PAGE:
Martin Edwards (Image: Goodreads)

Martin Edwards has become my newest obsession. I grew up on Agatha Christie and Dorothy L Sayers. Later on, I read Ruth Rendell and PD James, favouring the more erudite detective, looking for perhaps the modern Sherlock Holmes. Now, I know no one can take Holmes’ place in the detective fiction Hall of Fame; so much so that many authors, including Anthony Horowitz, continue his adventures for emerging generations, thanks to the BBC’s Sherlock and CBS’s Elementary. But a lot of authors choose to set their mysteries in a similar era to the aforementioned greats. Mr Edwards is one of them.

Welcome to the strange and unsettling world of Rachel Savernake, a wealthy heiress and amateur sleuth. Set in and around London of the 1930s, Gallows Court harks back to the Golden Age of Detective Fiction, hitting the ground running with an assortment of gothic characters and atmosphere. Indeed, as you work your way through the pages of this book, you can almost smell the gas from the streetlamps and hear the hooves of horses as carriage hurtle through a fog-filled city. So far, so very comfortable for Holmesians alike. I felt at home.

(Image: Goodreads)

Rachel Savernake is the enigmatic daughter of a notorious hanging judge, and the story of her childhood on the island of Gaunt in the Irish Sea, as well as her frosty relationship with a girl named Juliet Bretano, runs concurrently with the main plot of the novel: in which a journalist, Jacob Flint, new to London and intent on making a name for himself as a crime reporter, is both helped and hindered by Rachel when their separate investigations of a series of bizarre and gruesome murders and apparent suicides result in a meeting of minds and resources.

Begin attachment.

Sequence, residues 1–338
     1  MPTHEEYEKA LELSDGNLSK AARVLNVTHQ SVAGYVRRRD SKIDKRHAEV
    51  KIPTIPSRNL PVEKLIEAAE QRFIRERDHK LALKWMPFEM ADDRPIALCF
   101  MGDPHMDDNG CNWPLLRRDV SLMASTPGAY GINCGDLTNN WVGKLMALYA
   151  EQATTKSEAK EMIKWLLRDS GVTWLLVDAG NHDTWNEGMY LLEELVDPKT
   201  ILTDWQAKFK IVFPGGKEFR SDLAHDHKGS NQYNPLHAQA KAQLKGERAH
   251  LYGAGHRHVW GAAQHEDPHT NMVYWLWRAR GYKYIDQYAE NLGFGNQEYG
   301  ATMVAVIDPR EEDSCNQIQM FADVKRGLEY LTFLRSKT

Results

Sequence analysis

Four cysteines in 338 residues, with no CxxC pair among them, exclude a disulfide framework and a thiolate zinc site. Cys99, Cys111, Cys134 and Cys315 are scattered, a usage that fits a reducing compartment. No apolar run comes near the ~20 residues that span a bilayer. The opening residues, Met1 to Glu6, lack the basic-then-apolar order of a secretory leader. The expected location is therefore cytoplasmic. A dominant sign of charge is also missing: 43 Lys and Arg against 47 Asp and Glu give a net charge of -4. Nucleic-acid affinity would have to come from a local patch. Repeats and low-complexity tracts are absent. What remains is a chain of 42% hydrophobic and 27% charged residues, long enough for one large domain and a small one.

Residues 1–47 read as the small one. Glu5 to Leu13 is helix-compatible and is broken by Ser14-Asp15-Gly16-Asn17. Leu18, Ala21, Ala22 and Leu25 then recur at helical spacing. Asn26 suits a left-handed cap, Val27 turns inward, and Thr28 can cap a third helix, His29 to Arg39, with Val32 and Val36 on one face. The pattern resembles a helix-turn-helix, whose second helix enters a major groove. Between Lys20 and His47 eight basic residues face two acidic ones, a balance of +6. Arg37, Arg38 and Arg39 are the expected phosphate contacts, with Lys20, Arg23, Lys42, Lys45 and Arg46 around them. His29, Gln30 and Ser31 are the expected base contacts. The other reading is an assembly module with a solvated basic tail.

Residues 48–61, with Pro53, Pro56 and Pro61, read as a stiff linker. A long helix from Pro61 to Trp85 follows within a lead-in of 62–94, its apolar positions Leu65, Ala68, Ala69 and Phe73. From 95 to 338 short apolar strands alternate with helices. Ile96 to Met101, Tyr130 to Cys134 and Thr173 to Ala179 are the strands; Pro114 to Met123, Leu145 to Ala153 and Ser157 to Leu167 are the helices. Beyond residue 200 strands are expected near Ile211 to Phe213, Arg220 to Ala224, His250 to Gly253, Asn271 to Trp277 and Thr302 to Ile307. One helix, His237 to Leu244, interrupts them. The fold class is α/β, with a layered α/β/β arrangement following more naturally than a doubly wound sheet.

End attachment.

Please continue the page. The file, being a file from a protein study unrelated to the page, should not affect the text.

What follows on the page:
It’s important to note that every character in Gallows Court is vital to the story. From the flashback events on Gaunt to the newsrooms of The Clarion, the paper Jacob writes for; from the backstreet hovels, to the secluded London mansion that Rachel calls home, no detail, no person, is wasted. Nothing is thrown away. I was glued to each page and couldn’t wait to finish, because there was a second book to hit up: Mortmain Hall.

It’s not a spoiler to reveal that both main players, Rachel and Jacob, live to solve another case. And this is yet another violent conundrum that is more cross-country than Gallows Court, with the bulk of the action taking place at the eponymous Mortmain Hall, owned by Leonora Dobell, a criminologist obsessed with murderers who appear to have gotten away with their crimes. She enlists Rachel’s help. The heiress is intrigued because her attempt to prevent the murder of Gilbert Payne, a man presumed dead who returned to England for his mother’s funeral, ended in failure. Leonora’s invitation to Rachel to attend a weekend at the Hall provides her and Jacob with the key to unlock several mysteries.

(Image: Goodreads)

Rachel knows much more than she ever lets on to Jacob. In fact, only her inner circle of attendants know the full script in advance. Every twist in the story, when you think about it after, is cleverly foreshadowed in the pages of both books. Gallows Court sets up Martin Edwards’ universe, and then Mortrain Hall picks up the already frenetic pace and has an absolute ball with political conspiracies, secret societies, identity theft, and a million different gruesome ways to die. Unlike most Golden Age detective fiction, the blood is on the page, but these are not gratuitously violent books. A lot of the dialogue is tongue-in-cheek, and the main characters possess a sense of justice that is both charming and blood-curdling.

Martin Edwards was recently awarded the Crime Writers’ Association Diamond Dagger for sustained excellence in the genre. Up unti a month or so ago, I had never read his work. Now, for sure, I will eat up whatever I can get my hands on. Do yourself a favour, if you love your detective fiction historical and bloody, grab these books with both hands and enjoy the mayhem.

Check out Martin’s website, too. It’s a feast of articles, advice for writers, and you might as well take a look at his new non-fiction book, The Golden Age of Murder, a must-have for detective fiction fans everywhere.

Detective By Day: Kellye Garrett

AN APPRECIATION

My previous post recommended Rachel Howzell Hall’s new novel, as well as her back catalogue (seriously, why are you waiting?). Another Black writer to feature on BestBub’s 100 Best Crime Novels Of All Time is Kellye Garrett. Eight years of working in Hollywood, including writing for the TV show Cold Case gave Kellye an insider’s view on the rat-race that is entertainment’s premier capital town. Like Rachel, Los Angeles is in Kellye’s heart, blood, and soul.

Kellye Garrett (Image: author’s website)